• When a school bus is retrofitted with a seat to allow for proper installation of a CSRS, instructions obtained from the school bus or seat manufacturer on how to install the seat and restraint systems should be followed.
  • When a school bus is retrofitted, the bus owner should ensure that seat spacing is sufficient for the CSRS to be used.

5. Evacuation

The transportation provider should ensure:

  • The establishment of a written plan on evacuating pre-school age children and other passengers in CSRS’s in the event of an emergency. This written plan should be provided to drivers, monitors, and emergency response personnel. The plan should explicitly state how children (both in and out of the CSRS) should be evacuated from the school bus.
  • Evacuation drills are practiced on a scheduled basis, at least as often as that required for the school systems school-aged children.
  • All personnel involved in transporting children are trained in evacuation and emergency procedures, including those in the written school bus evacuation plan.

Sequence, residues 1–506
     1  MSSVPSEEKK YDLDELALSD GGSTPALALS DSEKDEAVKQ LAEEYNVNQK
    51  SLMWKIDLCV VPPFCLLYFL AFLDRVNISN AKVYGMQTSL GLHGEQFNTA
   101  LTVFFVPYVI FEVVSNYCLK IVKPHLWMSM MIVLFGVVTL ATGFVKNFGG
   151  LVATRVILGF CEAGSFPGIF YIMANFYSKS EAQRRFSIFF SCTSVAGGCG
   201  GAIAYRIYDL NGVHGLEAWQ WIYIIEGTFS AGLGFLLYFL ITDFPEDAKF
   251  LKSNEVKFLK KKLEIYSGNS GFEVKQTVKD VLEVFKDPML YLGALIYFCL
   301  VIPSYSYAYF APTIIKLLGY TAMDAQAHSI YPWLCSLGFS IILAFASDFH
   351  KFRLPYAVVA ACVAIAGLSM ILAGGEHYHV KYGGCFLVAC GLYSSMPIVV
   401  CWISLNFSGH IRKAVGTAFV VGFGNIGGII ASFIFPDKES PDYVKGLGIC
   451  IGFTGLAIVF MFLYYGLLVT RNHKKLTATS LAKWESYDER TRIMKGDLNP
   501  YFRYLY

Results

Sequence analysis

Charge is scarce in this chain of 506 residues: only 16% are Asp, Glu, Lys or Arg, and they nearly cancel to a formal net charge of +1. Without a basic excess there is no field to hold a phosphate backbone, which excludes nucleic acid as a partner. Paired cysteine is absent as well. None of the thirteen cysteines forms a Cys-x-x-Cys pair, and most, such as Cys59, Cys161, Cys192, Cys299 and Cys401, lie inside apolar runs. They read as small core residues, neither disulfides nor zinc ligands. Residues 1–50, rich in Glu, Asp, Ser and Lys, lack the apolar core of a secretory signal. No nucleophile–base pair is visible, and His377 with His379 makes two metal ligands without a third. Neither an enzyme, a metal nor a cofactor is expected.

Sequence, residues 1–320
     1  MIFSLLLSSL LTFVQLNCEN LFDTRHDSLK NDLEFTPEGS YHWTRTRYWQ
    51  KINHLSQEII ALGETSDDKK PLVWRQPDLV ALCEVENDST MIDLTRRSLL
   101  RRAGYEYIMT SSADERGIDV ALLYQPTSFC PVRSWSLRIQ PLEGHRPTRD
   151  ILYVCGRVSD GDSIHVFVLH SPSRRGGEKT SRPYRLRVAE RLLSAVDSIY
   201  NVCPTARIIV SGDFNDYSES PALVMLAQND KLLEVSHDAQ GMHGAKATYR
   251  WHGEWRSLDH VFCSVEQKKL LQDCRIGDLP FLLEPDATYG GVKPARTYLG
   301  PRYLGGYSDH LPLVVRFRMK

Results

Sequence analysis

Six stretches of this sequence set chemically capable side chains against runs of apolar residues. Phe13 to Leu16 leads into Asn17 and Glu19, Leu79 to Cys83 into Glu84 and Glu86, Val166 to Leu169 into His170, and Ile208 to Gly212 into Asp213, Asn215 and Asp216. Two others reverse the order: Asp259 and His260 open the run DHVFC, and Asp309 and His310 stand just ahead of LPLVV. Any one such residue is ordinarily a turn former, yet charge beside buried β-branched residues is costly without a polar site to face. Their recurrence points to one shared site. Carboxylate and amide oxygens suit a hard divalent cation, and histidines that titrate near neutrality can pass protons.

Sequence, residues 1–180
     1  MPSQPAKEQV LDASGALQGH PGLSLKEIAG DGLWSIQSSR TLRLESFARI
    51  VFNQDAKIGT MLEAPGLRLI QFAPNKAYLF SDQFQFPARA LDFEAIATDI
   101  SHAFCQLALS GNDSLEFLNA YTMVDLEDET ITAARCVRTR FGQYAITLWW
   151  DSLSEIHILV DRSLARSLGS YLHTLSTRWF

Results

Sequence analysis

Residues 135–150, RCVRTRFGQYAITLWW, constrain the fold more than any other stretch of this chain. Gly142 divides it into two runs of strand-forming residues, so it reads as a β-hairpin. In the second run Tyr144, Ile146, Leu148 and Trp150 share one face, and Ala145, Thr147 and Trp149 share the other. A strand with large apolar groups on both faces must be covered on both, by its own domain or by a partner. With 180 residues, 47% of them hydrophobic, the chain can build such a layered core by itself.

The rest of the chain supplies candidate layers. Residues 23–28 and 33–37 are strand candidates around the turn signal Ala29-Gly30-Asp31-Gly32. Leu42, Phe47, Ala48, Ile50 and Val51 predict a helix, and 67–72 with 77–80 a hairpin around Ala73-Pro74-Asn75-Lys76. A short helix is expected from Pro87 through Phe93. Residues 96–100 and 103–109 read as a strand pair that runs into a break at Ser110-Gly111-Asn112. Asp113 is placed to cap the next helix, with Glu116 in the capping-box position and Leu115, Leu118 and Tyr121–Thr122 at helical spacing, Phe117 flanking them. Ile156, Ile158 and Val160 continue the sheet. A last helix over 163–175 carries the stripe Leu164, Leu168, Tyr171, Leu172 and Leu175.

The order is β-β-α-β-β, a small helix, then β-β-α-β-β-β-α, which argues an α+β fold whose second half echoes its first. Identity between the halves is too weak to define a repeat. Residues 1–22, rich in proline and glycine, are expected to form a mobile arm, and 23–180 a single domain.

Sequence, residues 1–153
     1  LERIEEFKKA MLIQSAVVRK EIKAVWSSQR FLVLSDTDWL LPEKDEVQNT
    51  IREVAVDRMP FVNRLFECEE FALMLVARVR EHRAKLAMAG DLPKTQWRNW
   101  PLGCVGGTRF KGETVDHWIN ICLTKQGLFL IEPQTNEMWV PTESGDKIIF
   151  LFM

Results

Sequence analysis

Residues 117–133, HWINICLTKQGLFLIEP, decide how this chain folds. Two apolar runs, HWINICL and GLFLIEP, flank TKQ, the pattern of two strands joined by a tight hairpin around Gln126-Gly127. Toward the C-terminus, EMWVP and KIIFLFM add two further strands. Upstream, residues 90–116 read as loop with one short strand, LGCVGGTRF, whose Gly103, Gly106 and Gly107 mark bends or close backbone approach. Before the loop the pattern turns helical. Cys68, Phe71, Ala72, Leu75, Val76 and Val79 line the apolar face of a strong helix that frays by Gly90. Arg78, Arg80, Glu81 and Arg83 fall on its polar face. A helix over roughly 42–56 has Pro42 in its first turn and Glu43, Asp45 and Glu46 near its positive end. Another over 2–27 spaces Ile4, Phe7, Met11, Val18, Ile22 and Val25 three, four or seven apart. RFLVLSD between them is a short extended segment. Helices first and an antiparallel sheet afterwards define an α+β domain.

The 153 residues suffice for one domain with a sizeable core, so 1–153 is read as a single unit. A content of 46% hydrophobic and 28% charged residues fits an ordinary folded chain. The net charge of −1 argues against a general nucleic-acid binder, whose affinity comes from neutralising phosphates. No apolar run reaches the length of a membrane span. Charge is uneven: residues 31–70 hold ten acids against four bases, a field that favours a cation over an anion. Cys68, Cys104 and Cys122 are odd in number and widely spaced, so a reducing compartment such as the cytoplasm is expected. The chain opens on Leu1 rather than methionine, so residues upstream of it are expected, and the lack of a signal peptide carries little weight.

• All school buses carrying children in CSRS’s carry safety belt cutters that are accessible only to the driver and any monitors.
  • CSRS’s are not placed in school bus seats adjacent to emergency exits.
  • Local emergency response teams are provided copies of the written school bus evacuation plan, including evacuation of pre-school age children. Emergency response personnel should be invited to participate in evacuation drills.

6. Other Recommendations

  • The school transportation provider should establish a policy on whether they or the child’s guardian must supply a CSRS to be used on a school bus. School bus purchases should be based on the needs of a projected student population, taking into consideration projected ages, sizes and other characteristics of the students. These considerations include any special needs, and whether pre-school age children or medically fragile students will be transported.
  • Specified procedures should be established for loading and unloading children in CSRS’s.
  • Procedures should be established for the periodic maintenance, cleaning and inspection for damage of CSRS’s. Procedures should be established to train personnel involved in direct service delivery of infants, toddlers and pre-school children on the physical day-to-day handling of these young children and means to handle potential exposure to contagious and communicable diseases.
  • When school bus procedures are established, it should be noted that some children in CSRS’s might have special needs, including medical fragility, that must be addressed on a child-by-child basis.